6. 6. Adaptive experts are competent to solve problems that are novel and unexpected Name some concrete situations or problem-solving processes in work life (choose domain), where adaptive expertise is useful. ADAPTIVE EXPERTS Holoyok: truly expert, Bransford: competencies plus  Make perceptions of problem and its context; dissect various different perspectives  See a problem as an opportunity to learn, learn in problem-solving and produce new knowledge same time  Classify, label, analyse problems  Perceive patterns and differencies  Start to organise problem around central concepts or idea  Ponder forward, theoretical reasoning  Dence knowledge base  thinking may take time  Think and identify novel solutions and possibilities  Strong conceptual understanding  Flexible in using knowledge  Evidence-based argumentation
    7. 7. EXPERTISE IN WORK LIFE (Hyvönen, Impiö & Järvelä, submitted) Expertise is commonly valued phenomena; it is also recognised as an essential competence in contemporary work life. Individuals need more and more tackle with problems and tasks that require adaptive expertise.
    8. 8. EXPERTISE IN WORK LIFE Informants (N=13) are experts in different formal domains On what ground they are considered experts?  They are in a leading and demanding position.  They are key persons in their field.  They are considered as more competent than other people in the field.  They have a long career and high education.  They are skillful and successful learners.  They consider themselves as experts.  Each of them are experts at least on two domains. ”Expertise is easiest to identify when it differs most dramatically from what ordinary people can do” (Bereiter & Scardamalia, 1993) (Hyvönen, Impiö & Järvelä, submitted) /
    9. 9. EXPERTISE IN WORK LIFE  How experts define expertise? 1) Expertise is future-oriented having a developmental and advancing perspective. They are expected to innovate new or re-new existing practice, processes and products. 2) Developmental perspective and performance is conjugated with need of constant learning and understanding things and processes (Bereiter & Scardamalia, 1993). - Factual, procedural and selfregulative knowledge - Tacit knowledge - Multifaceted domains / 9
    10. 10. 3) Expertise is increasingly a social and collaborative phenomenon, which lay both opportunities and challenges for the path of expertise. - Opportunity: social view, collaboration and even technologies in collaboration can enhance construction of shared expertise. - Challenge: collaboration is effective way of learning, but does not happen easily - Social skills, communication, use of technologies - Learning from and with other people - Understanding other people: without it domain-specific expertise cannot be exploited / 10
    11. 11. 4) Experts  Have a strong self-confidence, and trust on their team to develop, create and construct new solutions  Knows how to act rationally in certain situations  Have sensibility to perceive situations  Are diligent, curious, flexible, self-initiative, and modest  Expert’s work is not automatic nor easy. (Bereiter & Scardamalia, 1993; Hyvönen, Impiö & Järvelä, sub; Tsui, 2009) / 11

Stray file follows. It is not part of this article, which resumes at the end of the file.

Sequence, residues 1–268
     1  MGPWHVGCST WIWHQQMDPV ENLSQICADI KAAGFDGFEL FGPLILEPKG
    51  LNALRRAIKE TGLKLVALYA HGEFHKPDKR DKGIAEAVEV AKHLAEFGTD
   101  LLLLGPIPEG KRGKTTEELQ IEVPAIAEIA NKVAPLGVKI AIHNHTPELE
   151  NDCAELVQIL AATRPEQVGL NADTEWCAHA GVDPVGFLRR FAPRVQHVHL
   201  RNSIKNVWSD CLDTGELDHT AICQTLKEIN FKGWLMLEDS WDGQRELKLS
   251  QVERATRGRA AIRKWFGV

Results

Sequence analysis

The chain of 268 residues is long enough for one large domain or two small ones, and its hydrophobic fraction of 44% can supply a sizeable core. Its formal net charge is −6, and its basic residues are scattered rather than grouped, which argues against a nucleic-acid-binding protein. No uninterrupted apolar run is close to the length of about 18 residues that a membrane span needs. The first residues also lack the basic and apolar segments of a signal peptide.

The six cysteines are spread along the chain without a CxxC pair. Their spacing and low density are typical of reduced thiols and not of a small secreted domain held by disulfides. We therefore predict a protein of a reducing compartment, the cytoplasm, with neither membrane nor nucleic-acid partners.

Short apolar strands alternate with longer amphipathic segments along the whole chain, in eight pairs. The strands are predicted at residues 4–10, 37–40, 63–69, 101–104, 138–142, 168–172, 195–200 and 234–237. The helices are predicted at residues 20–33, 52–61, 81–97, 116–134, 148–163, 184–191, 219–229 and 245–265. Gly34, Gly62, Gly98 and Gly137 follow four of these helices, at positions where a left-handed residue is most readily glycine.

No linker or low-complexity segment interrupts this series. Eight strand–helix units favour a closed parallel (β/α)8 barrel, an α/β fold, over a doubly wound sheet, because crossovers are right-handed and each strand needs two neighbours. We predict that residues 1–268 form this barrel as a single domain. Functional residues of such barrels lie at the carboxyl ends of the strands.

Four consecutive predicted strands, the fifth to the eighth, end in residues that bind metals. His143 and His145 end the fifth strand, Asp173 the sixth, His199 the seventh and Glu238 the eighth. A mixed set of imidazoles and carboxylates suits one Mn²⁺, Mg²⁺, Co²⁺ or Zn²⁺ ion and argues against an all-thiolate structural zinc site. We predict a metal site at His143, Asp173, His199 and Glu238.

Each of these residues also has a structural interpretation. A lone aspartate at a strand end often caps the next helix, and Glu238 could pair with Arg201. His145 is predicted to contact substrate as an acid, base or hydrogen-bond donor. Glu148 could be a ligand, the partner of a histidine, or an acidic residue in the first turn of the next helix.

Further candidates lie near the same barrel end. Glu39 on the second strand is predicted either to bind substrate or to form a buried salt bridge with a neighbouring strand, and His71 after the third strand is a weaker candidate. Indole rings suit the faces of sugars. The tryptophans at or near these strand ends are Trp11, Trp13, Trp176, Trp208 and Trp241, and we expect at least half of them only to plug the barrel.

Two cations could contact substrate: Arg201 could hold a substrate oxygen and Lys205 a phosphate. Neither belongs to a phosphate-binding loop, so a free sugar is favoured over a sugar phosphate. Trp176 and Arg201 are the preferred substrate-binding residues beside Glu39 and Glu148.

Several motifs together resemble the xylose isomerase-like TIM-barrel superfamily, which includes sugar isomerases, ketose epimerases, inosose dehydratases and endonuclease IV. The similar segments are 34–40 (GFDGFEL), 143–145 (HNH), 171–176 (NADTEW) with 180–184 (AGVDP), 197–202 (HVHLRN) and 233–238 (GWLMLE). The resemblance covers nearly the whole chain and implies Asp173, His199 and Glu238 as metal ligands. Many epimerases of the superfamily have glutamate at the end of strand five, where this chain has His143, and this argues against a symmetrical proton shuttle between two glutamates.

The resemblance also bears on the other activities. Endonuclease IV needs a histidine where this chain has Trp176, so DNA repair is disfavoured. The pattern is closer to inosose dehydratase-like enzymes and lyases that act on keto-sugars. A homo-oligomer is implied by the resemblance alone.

12. 12. EXPERTISE IN WORK LIFE  What are the problems like? Situations are always complex and difficult, and you can never be fully prepared for them. Problems in working life involves more than running through ‘routines’. 1) Understand people and interacting with them. Problems with people are related to communication, social interaction, shared understanding and emotional constrains, such as envy and hostile atmospheres, which tend to prevent developing innovations and also expertise. 2) Inadequate technical tools. Although many ICT tools are in use, there are still lack of tools and software that solve very compound problems. 3) Decision-making problems (Johnson, 1988; Jonassen, 2007): experts at times have to make decisions without the necessary information. 4) Sharing tacit knowledge 5) Dealing with time, motivation, prioritization and overlapping tasks / 12
    13. 13. EXPERTISE IN WORK LIFE  How do the experts perform ‘routine’ and ‘adaptive’ expertise in their work? “There is no such thing as routines in my work.” 1) Degree of routines declines, when complexity of work and experience of individual increases: “The more I have experience in this work, the less there are routine cases.” Cycle: ability to make perceptions and decisions augments  environment can provide complexity in relation to her abilities and edge of competence 2) Creativity, insight and playfulness (see, Brophy et al., 2004; Hyvönen, 2008; Weisberg, 2006) seems to play a role in adaptive expertise. 3) To some extend adaptive experts can adjust the complexity / 13
    14. 14. 11.11.2013 14
    15. 15. EXPERTISE IN WORK LIFE  How useful education has been for their current position? 1) Overall, formal education has not satisfactorily provided resources for their current work; instead, it has provided basic general knowledge. Education is lacking of important areas that are needed in work life, such as communication, negotiation and presentation, even writing and discussing skills were not adequately provided. 2) Only exception was education in engineering, that has provided skills in problem-solving and foreign languages, which are essential in expert work. / (Hyvönen, Impiö & Järvelä, 2010) 15